This episode was published on 6 August 2020 and is approximately 51 minutes long. This episode made possible by Glow Your Soul and Anchor.fm.
Are you looking to improve your incident response process for your applications? Have a recent outage that made for a bad night? This is the episode for you!
In this episode we discuss Incident Response at an Enterprise level! From monitoring, to response planning, troubleshooting, and how to handle an active event, we’ve got it covered. There’s even a starter template for your root cause analysis (RCA) available in the show notes.
This episode will help you be better prepared should your application fail.
Who is responsible for watching the alerts from any systems?
Who is first up for Pager Duty alerts.
Think about how to help the on call resource when they have a long night
Highly trained to do the job
The first person receiving an alert should be able to take action
Have an escalation process, if the first responder doesn’t get there in a timely manner
Duty Phone or Bat Phone
A dedicated phone for use by the On Call team
Have a process for ensuring the right person has the phone, if it’s a physical phone
If it’s a forwarding system, you’ll need to have a process for updating the destination phone number
8 Min: Application Stack Training
How to you help the First Responder take action?
Create a “Run Book”
As part of making an application ready for production, make sure you have a run book which explains some basic troubleshooting steps
What’s the first thing which should be done?
Who does the First Responder reach out to when the steps provided don’t fix the problem?
9:50 Min: Alerts which are White Noise
You can’t have meaningless alerts, or your On Call team will start to ignore the issue
Find a way to clean up spurrious alerts
Severity and Priority of the alert determines the medium of the notification.
Not every system is important at 2 AM. Some sites might not be on your critical list for immediate action. Make sure your monitoring, alerts, and response processes take this into account.
12:45 Min: Everything Always Works, Right?
No, unfortunately, shit happens.
“Don't wait until the third or fourth time you have an outage to put a plan in place. Do it after the first one! (Or before you have one!)”—Steve Ledwith
14:30 Running an Outage
When the First Responder can’t fix it, start getting others involved.
Maybe you need to alert a third party, or open a ticket with a vendor
Get the right subject matter experts involved
Start a bridge line / conference call / hangout
Pro Tip: Do not have multiple silos of communication which requires someone on the main call to go talk with this other set of resources. Support Telephone won’t make things better.
You never know who will have the answer to the problem at hand. Having everyone in the same place, be it a conference room, phone call, or hangout, allows everyone to hear the important (and not as important) information.
Your collective energy working on the problem together magnifies the energy of the team. Don’t cheat yourself.
19 Min: Running an Incident
Define the key players in the Run Book
What is a Run Book?
According to Wikipedia a run book is a compilation of routine procedures and operations that the system administrator or operator carries out. It usually contains procedures to begin, stop, supervise, and debug the system.
Both internal and external audiences need updates
Have a regular, pre-defined, cadence for updates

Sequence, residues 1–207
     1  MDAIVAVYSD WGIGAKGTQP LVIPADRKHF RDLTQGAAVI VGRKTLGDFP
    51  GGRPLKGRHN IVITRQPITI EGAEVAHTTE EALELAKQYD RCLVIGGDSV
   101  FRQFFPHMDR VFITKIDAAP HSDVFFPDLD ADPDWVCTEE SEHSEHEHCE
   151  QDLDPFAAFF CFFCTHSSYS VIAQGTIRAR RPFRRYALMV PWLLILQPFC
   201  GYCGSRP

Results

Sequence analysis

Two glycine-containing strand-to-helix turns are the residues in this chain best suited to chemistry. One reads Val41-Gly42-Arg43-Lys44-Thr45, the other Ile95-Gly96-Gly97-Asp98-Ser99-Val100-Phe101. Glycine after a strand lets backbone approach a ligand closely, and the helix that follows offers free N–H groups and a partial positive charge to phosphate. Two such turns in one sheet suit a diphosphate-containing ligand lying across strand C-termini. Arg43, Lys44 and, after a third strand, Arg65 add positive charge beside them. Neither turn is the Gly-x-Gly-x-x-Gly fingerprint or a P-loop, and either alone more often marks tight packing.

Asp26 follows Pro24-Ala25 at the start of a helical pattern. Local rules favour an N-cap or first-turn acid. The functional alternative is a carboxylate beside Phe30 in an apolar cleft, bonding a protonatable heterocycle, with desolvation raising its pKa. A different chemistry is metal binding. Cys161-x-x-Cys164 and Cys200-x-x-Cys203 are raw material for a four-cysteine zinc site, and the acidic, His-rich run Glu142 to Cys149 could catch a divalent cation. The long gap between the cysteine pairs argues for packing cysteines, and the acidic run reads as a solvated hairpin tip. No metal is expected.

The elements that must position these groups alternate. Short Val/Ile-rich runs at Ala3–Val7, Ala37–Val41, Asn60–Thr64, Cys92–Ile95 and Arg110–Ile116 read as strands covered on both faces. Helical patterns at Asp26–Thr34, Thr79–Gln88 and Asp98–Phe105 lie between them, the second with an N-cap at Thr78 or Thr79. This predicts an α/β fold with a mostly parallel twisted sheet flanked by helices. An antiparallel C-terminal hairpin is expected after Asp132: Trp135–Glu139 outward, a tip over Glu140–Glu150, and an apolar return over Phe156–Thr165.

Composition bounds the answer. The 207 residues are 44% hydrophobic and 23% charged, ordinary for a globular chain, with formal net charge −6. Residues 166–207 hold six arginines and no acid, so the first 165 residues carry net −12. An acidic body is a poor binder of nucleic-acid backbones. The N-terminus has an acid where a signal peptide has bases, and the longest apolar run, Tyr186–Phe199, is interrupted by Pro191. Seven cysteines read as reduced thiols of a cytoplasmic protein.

Every 30 minutes post an update to your public facing site
ignore this group of stake holders at your own peril! Let this group know what’s going on, the current status. Get in front of the problem.
Keep the Senior Leadership in the know. Tell them when the next update will be too. This group wants to support you; help them do so.
“Communicate regularly when you are working through an issue. If you're not communicating, people assume there's no progress.”—Steve Ledwith
Have a person dedicated to reviewing the log files for the applications
This person has to know enough to filter out the noise
Make sure the people who need access have it; follow the proper channels to grant additional access, if necessary
Every application is different, and the skills necessary to solve it will vary every time
Learning how to troubleshoot is an art… It’s based on experience and insight, and knowing how things work together
Hard to learn how to figure out the right things to look at?
This is the hardest part of the process, and there’s no magic here
Have a plan for how you’re going to do all of these things
Think about it like a fire drill saftey plan from your in-person office, or your school when you were a kid
Practice it. Review it. Make sure those involved know the plan.
What’s your process for granting access to production?
Have a script for what you want to accomplish when an outage starts
You train the way you fight! – Imran Kasam
Shoot. Move. Communicate.
Have a mantra for your team.
Focus on the problem at hand, not all the rest of the things going on.
Take a shot at fixing it.
Move on to the next step.
Communicate to your users and stakeholders
Pro Tip: Establish a Note Taker / Outage Tracker
You want to have someone taking notes and keep track of time.
You need someone to call out when we’re repeating tasks, make sure you’re duplicating efforts.
Huge help for doing the root cause analysis and working through your timeline.
34 Min: Root Cause Analysis (RCA)
After an off hours outage, get some rest.
When you’re back at it, figure out what happened.
You probably have an Service Level Agreement (SLA) with your users, or customers.
You will have executives who want to know the complete down time and impact to the business.
Be prepared to investigate and learn from what happened.
You could have contracts with penalties related to downtime which will require specifics.
What does “5 Nines” Mean
99.999% (“five nines”) means 5.26 minutes of downtime in a year